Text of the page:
Dublin has developed from the arrival of the Vikings to the creation of Victorian suburbs.

The area around O’Connell Street is considered the centre of the modern city of Dublin. However the historic centre of the city lies westwards around Christ Church Cathedral where the Vikings built a settlement in the 9th century. The hill where Christ Church now stands was an ideal, defensive site for the Viking settlement. In the 12th century the Normans added strong stone walls. The medieval city continued to grow and included a castle, churches and, 

Then there is the cathedral, two cathedrals in fact, introducing the Dublin habit of unnecessary duplication.

The leading industrial quarter of 18th century Dublin was positioned in the south-west of the city and the Guinness brewery occupies an area bigger than the whole of medieval Dublin. The north-west of Dublin was another predominantly commercial quarter and also includes Phoenix Park.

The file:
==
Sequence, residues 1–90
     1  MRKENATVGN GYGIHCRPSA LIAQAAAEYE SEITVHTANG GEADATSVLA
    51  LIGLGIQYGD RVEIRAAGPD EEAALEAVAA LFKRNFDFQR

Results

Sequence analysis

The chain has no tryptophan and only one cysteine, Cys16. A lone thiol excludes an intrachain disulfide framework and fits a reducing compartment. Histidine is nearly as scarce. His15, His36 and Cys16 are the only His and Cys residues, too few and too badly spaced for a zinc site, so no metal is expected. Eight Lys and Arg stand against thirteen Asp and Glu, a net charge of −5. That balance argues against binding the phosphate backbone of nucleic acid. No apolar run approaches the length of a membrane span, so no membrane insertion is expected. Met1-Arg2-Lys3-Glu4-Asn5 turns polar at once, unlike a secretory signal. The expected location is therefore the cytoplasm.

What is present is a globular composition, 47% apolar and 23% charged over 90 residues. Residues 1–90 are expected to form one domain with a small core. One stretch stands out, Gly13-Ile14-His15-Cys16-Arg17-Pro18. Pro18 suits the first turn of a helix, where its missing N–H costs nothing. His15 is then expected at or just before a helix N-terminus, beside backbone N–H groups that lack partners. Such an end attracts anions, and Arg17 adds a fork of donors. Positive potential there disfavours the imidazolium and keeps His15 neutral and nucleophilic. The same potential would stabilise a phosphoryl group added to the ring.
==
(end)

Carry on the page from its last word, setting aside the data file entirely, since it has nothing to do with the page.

The town planners of the 18th century swept away much that had gone before, as they shifted the centre of Dublin eastwards with their impressive public buildings, wide streets and noble squares.

In the south-east, the Fitzwilliam family rejected the style of Dutch gabled houses in favour of the late Georgian style. In the 1900s, similar style houses were built in the Victorian suburbs of Rathmines and Rathgar.

The north-east of Georgian Dublin was an upper-class residential zone similar to that in the south-east but in this case the dominant land owning family were the Gardiners.

This episode of ‘Irish Landscape’ was broadcast on 16 January 1969. The presenter is David Timlin.

‘Irish Landscape’ was a series exploring the many factors contributing to the landscape in which we live.